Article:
CULINARY SCIENTIST: COMBINING FOOD WITH SCIENCE

Have you ever tasted raw-chocolate flavored kale chips? How about birch tree juice or olive-oil infused water? And you can’t forget about the donut bacon sandwich.

Culinary scientists are responsible for creating these products along with a plethora of diverse (and some uniquely strange) foods that are placed on the menus of restaurants and lining the shelves of supermarkets. Some are hits and some are misses, but culinary scientists take their passion for culinary arts and their knowledge of food science and blend the two together.  They love cooking, and they use science to do it better.

Working in the field of culinary science has broad applications in the food industry and positions hold a variety of functions. This field requires professional experience, culinary training, and a science education.  Experienced culinary scientists are often known to serve in the role of research and development, needed in the test kitchens of large food companies. In these kitchen labs they research and create new products or work to improve existing ones by adding additional ingredients or changing production methods.

In the role as a recipe developer, culinary scientists must keep their creations in line with the company’s targeted market – such as weight loss, organic or gluten-free. It’s imperative they make the recipe enticing enough to encourage consumers to purchase their product, and cost efficient enough for the food company to produce it economically. Culinary scientists have even been known to set food trends with their creations.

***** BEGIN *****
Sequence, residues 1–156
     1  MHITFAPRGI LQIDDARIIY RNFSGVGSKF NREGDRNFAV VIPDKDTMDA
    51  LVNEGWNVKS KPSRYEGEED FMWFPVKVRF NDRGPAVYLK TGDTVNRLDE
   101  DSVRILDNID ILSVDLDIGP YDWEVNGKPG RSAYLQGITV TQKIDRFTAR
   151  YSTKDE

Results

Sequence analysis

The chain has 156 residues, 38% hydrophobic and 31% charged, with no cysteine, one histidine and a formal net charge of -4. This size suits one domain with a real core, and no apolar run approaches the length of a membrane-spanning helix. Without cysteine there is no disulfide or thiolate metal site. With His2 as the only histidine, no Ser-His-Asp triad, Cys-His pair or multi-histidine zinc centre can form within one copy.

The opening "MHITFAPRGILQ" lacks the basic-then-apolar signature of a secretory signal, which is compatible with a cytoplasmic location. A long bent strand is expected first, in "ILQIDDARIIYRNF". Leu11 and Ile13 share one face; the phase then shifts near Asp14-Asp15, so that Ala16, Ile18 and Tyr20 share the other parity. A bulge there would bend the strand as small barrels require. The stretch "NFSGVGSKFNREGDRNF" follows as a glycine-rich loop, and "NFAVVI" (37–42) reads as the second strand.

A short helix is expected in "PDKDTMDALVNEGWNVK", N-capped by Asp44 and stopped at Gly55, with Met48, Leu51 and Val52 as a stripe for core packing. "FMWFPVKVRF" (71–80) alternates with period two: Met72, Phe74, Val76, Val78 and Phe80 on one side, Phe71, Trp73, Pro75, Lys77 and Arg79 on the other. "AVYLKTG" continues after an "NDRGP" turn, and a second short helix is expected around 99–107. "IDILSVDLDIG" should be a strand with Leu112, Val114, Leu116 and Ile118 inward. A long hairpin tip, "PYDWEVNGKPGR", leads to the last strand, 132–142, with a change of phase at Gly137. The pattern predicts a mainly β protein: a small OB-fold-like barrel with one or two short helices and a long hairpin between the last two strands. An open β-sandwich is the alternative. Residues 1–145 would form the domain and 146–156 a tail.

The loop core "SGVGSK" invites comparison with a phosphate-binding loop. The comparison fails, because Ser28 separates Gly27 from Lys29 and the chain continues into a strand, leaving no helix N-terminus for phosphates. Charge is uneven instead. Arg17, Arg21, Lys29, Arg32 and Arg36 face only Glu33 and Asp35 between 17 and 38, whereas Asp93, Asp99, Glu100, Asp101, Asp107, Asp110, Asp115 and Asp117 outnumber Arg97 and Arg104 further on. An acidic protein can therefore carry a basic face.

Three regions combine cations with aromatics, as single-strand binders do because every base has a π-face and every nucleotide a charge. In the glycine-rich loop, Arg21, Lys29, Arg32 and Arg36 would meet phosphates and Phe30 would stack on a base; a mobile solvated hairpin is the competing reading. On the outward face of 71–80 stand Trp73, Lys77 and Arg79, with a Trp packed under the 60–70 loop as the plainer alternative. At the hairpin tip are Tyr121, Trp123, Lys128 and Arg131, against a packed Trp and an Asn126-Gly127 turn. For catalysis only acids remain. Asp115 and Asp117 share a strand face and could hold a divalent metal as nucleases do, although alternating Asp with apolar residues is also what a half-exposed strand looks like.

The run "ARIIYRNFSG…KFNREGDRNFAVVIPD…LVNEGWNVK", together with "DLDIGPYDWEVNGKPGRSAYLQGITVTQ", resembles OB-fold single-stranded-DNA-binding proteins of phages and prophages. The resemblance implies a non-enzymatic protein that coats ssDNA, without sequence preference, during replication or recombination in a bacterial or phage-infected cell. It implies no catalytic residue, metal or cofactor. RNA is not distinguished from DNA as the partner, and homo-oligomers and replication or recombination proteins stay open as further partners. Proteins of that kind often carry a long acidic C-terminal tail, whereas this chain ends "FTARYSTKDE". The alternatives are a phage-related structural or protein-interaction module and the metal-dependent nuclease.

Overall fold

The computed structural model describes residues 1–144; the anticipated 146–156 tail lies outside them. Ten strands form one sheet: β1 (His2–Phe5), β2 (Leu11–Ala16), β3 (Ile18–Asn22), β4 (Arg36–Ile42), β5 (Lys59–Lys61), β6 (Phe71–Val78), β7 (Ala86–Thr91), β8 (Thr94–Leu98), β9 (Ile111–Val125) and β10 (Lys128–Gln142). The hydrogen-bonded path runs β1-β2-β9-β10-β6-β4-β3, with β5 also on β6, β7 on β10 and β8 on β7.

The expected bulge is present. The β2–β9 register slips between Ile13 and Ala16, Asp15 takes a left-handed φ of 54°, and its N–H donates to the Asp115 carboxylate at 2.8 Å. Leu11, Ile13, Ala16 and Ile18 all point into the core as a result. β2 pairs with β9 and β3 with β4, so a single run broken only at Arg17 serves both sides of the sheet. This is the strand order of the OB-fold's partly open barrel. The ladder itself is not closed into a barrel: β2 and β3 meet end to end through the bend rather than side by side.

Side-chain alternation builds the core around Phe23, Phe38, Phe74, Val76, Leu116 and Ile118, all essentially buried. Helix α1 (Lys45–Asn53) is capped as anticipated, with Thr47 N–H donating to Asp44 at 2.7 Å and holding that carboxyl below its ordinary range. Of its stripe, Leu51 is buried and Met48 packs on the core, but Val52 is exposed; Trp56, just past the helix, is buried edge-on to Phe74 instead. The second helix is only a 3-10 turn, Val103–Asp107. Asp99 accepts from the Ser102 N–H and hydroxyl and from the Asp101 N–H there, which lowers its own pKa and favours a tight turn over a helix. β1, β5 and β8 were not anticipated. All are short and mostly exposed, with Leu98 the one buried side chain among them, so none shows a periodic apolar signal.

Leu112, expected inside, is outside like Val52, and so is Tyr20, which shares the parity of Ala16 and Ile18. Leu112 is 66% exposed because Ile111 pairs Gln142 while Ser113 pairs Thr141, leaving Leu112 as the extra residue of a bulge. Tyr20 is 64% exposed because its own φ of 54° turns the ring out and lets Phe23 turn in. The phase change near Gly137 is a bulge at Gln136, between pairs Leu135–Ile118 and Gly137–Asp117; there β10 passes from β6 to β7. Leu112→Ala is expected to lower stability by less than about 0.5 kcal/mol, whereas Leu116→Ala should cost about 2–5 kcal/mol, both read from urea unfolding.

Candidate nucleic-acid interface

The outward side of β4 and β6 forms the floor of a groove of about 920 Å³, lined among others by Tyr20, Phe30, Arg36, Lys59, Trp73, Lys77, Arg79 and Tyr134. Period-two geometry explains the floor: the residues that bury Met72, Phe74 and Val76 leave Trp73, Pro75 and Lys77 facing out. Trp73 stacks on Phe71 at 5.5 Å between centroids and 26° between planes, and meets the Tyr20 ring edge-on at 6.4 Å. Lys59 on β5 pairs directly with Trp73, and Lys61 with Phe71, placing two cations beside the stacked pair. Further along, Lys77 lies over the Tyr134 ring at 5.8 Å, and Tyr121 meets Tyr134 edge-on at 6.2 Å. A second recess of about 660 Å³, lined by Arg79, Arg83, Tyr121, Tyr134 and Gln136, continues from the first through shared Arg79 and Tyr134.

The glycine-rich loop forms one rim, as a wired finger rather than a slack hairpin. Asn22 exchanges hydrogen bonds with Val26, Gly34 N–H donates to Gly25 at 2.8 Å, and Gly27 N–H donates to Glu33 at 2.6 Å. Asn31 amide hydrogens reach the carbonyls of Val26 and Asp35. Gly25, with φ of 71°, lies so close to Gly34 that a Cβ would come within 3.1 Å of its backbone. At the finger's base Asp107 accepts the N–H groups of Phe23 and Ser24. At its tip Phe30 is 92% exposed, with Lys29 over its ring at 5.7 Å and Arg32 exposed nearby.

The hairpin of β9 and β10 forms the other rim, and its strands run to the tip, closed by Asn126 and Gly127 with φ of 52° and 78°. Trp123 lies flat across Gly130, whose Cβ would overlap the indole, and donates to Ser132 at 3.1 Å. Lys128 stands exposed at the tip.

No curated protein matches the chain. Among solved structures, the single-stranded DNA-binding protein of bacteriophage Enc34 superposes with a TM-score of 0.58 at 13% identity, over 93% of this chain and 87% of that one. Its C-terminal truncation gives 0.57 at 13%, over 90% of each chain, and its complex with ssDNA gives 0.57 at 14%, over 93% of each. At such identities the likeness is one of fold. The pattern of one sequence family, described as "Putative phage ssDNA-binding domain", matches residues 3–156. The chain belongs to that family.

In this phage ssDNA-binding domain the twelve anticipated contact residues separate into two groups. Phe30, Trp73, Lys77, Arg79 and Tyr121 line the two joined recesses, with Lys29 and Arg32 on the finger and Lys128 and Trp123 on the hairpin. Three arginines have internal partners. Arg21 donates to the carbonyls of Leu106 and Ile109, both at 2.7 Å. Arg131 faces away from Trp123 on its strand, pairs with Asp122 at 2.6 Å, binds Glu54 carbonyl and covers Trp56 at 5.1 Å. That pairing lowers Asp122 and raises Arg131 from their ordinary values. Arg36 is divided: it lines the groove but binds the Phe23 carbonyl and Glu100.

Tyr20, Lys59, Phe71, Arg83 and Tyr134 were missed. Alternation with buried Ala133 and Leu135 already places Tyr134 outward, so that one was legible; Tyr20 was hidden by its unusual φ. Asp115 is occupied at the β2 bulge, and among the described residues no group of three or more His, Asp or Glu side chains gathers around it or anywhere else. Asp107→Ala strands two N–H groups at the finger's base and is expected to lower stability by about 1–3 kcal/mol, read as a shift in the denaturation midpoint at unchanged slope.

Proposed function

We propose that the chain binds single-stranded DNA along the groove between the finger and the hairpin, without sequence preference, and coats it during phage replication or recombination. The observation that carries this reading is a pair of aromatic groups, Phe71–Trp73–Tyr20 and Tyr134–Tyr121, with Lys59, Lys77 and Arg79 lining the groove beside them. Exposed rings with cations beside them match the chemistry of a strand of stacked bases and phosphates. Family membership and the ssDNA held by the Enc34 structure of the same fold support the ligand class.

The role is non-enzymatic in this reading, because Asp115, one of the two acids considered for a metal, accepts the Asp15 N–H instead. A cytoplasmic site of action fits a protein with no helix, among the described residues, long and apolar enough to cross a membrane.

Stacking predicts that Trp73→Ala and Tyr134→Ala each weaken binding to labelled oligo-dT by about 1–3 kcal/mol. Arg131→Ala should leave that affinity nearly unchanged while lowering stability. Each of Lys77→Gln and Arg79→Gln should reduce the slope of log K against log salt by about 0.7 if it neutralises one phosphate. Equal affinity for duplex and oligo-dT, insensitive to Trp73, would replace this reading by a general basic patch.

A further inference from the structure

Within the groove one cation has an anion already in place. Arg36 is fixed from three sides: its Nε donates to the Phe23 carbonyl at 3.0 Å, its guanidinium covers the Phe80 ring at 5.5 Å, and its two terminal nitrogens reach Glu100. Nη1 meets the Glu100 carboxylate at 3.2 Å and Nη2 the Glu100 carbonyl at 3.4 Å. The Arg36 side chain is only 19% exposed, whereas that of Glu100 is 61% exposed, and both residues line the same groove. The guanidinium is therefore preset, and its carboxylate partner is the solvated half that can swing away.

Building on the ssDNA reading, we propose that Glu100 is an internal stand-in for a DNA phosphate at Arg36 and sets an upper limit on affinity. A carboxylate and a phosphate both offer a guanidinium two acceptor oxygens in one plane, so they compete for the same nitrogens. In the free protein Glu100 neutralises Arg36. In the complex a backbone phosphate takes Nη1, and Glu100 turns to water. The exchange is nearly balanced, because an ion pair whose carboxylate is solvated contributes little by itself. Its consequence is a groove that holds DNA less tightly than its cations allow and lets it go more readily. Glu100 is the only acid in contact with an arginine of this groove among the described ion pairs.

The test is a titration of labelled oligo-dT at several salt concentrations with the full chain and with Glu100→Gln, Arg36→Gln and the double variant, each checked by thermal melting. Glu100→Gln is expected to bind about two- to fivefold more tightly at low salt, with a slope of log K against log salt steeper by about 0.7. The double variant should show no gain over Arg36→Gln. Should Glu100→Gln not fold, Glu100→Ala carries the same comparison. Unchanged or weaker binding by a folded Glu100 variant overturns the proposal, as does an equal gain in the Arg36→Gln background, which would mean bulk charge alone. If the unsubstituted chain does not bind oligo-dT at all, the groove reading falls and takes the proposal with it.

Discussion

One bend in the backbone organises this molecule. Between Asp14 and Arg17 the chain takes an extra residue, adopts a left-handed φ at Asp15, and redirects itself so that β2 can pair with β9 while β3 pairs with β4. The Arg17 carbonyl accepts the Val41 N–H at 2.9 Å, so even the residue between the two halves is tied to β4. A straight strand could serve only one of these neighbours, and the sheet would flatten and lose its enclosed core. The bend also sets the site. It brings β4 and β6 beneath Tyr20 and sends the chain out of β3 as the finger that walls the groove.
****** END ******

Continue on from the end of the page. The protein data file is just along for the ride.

Various magazines will also use culinary scientists to perfect new recipes in the company’s test kitchen. Whether food or lifestyle, magazines are always on the hunt for new recipes that will appeal to their specific readership.  Culinary scientists in this role will need to understand the magazine’s base audience so they can effectively tailor the recipe to readers’ tastes and preferences. Accessibility to certain ingredients, dietary restrictions, and the desire for easily prepared meals are some of the factors that need to be considered.

After recipes are tested and critically evaluated, culinary scientists will be called to work out any changes or improvements made to the original. Because of their familiarity with the product, they may also be asked to help discover the best methods to promote and sell it through booklets, pamphlets, cookbooks and even packaging.

Although culinary scientists need familiarity in food science, it’s imperative they are also educated in the culinary arts. Cooking school equips them with the skills and tools needed to experiment with the right blend of ingredients in the precise measurements to create specific recipes and new ideas for food products. A degree in culinary education will give them the required experience for the cooking side of research and development needed by our food industry.

This article is presented by Le Cordon Bleu College of Culinary Arts in Boston. Le Cordon Bleu College of Culinary Arts in Boston offers culinary arts and pâtisserie and baking training programs. To learn more about the class offerings, please visit Chefs.edu/Boston for more information. 

Find disclosures on graduation rates, student financial obligations and more at www.chefs.edu/disclosures.  Le Cordon Bleu® and the Le Cordon Bleu logo are registered trademarks of Career Education Corporation. Le Cordon Bleu cannot guarantee employment or salary. Credits earned are unlikely to transfer.